BASS Politics and Criminology / Course details

Year of entry: 2022

Course unit details:
Contemporary Social Thought

Unit code SOCY10432
Credit rating 20
Unit level Level 1
Teaching period(s) Semester 2
Offered by Sociology
Available as a free choice unit? Yes

Overview

This course aims to introduce you to a selection of important social thinkers from the 20th and 21st centuries. It uses their work to highlight the contested nature of what contemporary social thought is and should be.

 

The first part of the course considers critical developments of Marx, Weber and Durkheim’s theories of modernity, and the problems they have raised. We explore questions like: can social change happen and how? How is social order achieved? How can individual behaviour be understood? Can social theory account for the experiences of everyone or are its explanations of the world partial and incomplete, based on a male, white, and western perspective?

 

The course then moves on to explore ways in which social theorists have responded to the challenges present in social theory. Firstly, we look at those who see the problems as so fundamental that they abandon social theories of modernity and develop ‘postmodern’ ways of thinking and other alternatives. Secondly, we look at contemporary thinkers who argue that theories of modernity are not redundant but an ‘unfinished project’ and who provide new perspectives on key themes like freedom and democracy.

Aims

This course aims to introduce you to a selection of important social thinkers from the 20th and 21st centuries. It uses their work to highlight the contested nature of what contemporary social thought is and should be.

 

The first part of the course considers critical developments of Marx, Weber and Durkheim’s theories of modernity, and the problems they have raised. We explore questions like: can social change happen and how? How is social order achieved? How can individual behaviour be understood? Can social theory account for the experiences of everyone or are its explanations of the world partial and incomplete, based on a male, white, and western perspective?

 

The course then moves on to explore ways in which social theorists have responded to the challenges present in social theory. Firstly, we look at those who see the problems as so fundamental that they abandon social theories of modernity and develop ‘postmodern’ ways of thinking and other alternatives. Secondly, we look at contemporary thinkers who argue that theories of modernity are not redundant but an ‘unfinished project’ and who provide new perspectives on key themes like freedom and democracy.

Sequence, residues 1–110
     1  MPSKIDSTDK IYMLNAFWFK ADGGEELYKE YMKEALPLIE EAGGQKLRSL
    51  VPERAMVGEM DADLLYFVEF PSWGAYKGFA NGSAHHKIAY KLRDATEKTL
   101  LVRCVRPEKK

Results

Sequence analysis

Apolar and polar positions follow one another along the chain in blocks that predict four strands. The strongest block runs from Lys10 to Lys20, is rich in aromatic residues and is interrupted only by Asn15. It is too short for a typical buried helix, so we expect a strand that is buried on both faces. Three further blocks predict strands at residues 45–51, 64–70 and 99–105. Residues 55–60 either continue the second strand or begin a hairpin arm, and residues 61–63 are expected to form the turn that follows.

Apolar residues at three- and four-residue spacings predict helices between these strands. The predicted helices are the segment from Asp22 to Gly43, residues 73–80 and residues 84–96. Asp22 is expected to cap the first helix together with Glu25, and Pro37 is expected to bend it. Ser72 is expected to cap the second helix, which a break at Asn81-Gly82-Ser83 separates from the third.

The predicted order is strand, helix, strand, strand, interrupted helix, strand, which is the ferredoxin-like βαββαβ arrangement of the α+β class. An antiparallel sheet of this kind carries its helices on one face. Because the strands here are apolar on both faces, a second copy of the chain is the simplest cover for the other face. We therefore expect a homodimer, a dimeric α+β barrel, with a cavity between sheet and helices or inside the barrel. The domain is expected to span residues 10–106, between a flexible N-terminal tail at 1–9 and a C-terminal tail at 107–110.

Learning outcomes

On successful completion of this unit students will:

  • be able to write competently about a number of the key theorists/issues of contemporary social theory;
  • understand how theories discussed in sociological thought have been extended, critiqued, and developed;
  • have a solid grasp of some of the key debates that structure contemporary social thought;
  • be adequately prepared for engaging with the substantive theoretical content of whatever sociology courses you pursue later in your degree.

Teaching and learning methods

Lecture-style material will be delivered weekly through a mix of up to one hour pre-recorded (i.e. asynchronous) content and one hour live (i.e. synchronous) lecturer-led classes. Additionally, weekly one hour small-group tutorials will be delivered on-campus as long as government guidelines allow, otherwise they will be delivered online.

Assessment methods

  • 1 non-assessed assignment (essay plan) - 5 mark deduction for non-submission
  • 1 assessed coursework essay, 1500 words; 50% of mark
  • 1 traditional format or online open book exam (1 hr / 1 answer, 1500 words as guidance if online); 50% of mark. 

Feedback methods

This course includes both formative feedback - which lets you know how you’re getting on and what you could do to improve - and summative feedback - which gives you a mark for your assessed work.

Recommended reading

Allan, K. (2012). Contemporary Social and Sociological Theory. Thousand Oaks: SAGE Publications.

Study hours

Scheduled activity hours
Assessment written exam 2
Lectures 20
Tutorials 10
Independent study hours
Independent study 168

Teaching staff

Staff member Role
Elisa Pieri Unit coordinator

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